© Channel 4
Last week we were lucky enough to get a sneaky peek at the new series of Luxury Comedy. So without giving away any spoilers, what can we expect when it finally hits our screens on 31st July?
In interviews about the new series, Noel Fielding has been pretty open about his decision to move away from the sketch show format of series 1, towards a more narrative programme structure with a beginning, middle and an end to each episode. He says it’s because he’s a story-teller at heart, and it’s what he does best. This change of structure is certainly one of the most noticeable differences between the two series. So does it work?
Luxury Comedy is Noel’s stand up in visual form. That’s not to do it down; the fact that anyone has managed to capture the fantastical mayhem that goes on inside Fielding’s mind is impressive enough. Noel’s stand up material is at its best when allowed to slowly weave its shapes, layer upon layer, over a period of time. Stories unfold, characters evolve and concepts crystallise through repetition. By contrast, on the occasions I’ve seen him perform short slots on crowded comedy bills, his ideas don’t always have time to develop. This is not a man for the rat-tat-tat of machine-gun punchlines.
In the same way, expanding his TV ideas into 30-minute stories gives them proper form, allowing the viewer to step inside, appreciate their complexities and get carried along with the narrative. These are ideas rich enough for full episodes; and to reduce each of them to a sketch of a few minutes would underplay them. For me, then, the new format isn’t just about telling stories – it’s about telling strange stories much better.
© Channel 4
The different characters whom we encounter across the series are now part of each week’s story, which gives them purpose and makes the interaction between them feel genuine. The relationships between the characters are one of the aspects of the new series that gives the show its heart. This is no longer a disjointed collection of strange misfits; they’re friends, neighbours, and occasional enemies – as the story requires.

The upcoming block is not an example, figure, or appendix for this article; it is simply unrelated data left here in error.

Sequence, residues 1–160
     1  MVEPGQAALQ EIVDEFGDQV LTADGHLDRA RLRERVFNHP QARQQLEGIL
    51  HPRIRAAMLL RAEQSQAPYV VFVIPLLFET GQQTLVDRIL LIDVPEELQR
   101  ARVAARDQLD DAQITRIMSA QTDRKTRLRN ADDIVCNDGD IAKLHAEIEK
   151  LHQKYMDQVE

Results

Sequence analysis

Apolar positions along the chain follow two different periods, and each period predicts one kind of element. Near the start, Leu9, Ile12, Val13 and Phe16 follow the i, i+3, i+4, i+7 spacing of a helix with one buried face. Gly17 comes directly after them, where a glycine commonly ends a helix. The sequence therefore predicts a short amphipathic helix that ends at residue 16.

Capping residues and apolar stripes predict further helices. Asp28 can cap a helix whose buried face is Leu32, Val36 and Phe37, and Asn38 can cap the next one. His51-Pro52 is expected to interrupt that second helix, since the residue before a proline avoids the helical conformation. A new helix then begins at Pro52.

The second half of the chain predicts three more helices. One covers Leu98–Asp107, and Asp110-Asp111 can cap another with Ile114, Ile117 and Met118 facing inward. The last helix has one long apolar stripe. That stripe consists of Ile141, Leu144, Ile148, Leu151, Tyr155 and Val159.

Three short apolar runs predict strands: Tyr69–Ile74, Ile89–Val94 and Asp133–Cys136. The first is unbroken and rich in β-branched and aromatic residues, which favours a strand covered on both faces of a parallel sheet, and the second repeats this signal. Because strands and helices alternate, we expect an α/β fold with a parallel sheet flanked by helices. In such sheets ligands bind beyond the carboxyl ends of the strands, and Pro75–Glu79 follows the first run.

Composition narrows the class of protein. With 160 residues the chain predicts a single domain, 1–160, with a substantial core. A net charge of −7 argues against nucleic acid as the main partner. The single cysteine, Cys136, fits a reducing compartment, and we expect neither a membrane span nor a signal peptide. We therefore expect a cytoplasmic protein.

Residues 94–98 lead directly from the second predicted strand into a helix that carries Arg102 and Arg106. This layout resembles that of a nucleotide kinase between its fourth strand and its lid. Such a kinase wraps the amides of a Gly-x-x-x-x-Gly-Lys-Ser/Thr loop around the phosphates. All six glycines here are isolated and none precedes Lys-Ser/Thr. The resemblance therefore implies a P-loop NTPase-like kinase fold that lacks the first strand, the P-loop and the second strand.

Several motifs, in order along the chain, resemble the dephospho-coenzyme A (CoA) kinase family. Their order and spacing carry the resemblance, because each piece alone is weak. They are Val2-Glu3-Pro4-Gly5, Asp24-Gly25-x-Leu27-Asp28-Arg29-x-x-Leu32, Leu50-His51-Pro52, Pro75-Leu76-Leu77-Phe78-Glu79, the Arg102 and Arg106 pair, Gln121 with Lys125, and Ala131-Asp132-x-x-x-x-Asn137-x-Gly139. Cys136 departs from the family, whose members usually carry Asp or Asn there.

The friendship between the main four – Noel, Dolly, Andy and Smooth, allows for a solid dynamic at the centre of the action. The series 2 versions of the core team feel more ‘human’ and rounded, and as a result more sympathetic than before. Noel, in particular, presents a very different on-screen persona to anything we’ve seen from him previously: awkward, eager to please and uncool, he’s the Howard to Dolly’s preening Vince. Devoid of Howard Moon’s pomposity, however, this Noel is a character with whom we empathise, not just the one we laugh at.
Noel has said that he and Nigel spent longer writing the second series, and this comes across. I loved the first series, but there are more funnier moments in series 2 (based on the two episodes we saw). The writing’s sharp, the physical comedy is hilarious, and the characters are beautifully honed and gloriously wonky at the same time. Look out for star turns throughout from a whole host of TVO faces, including Richard Ayoade, Steve Oram, Dave Brown, Rich Fulcher, Arnab Chanda, Tania Wade, Barunka O’Shaughnessy, Stuart Silver, Simon Farnaby and others.
© Channel 4
This series is arguably the most self-aware output that we’ve ever seen from Fielding, with a number of knowing references to the public reaction that series 1 generated. He’s said that it’s a natural reaction to criticism – you try to get in there first before anyone else does. And it works well in this context, tethering the strange Luxury world to our own experience from time to time (thereby making it more relateable), and imbuing the series with a large helping of humility which, one hopes, the cynics out there will respond positively to.
Added to all of that, Luxury Comedy is still a fabulous feast for the eyes: the distinctive day-glo sets, wardrobe, make-up and animation all combine to create a uniquely visual world. Huge credit to Nigel Coan and his production team for putting it all together; you can see that it’s a labour of love in every single scene.
So will the rest of the world like it? I hope so. If people enjoyed the Boosh and the naysayers can get over their disproportionately extreme reaction to series 1, they would like this. Genuinely funny, beautifully magical and full of heart – what’s not to love?
Don’t forget to tune in: Luxury Comedy series 2 airs at 10pm on E4 on 31st July. For the less patient amongst you, episode 1 is available to view from TODAY – a whole week early, on 4oD here.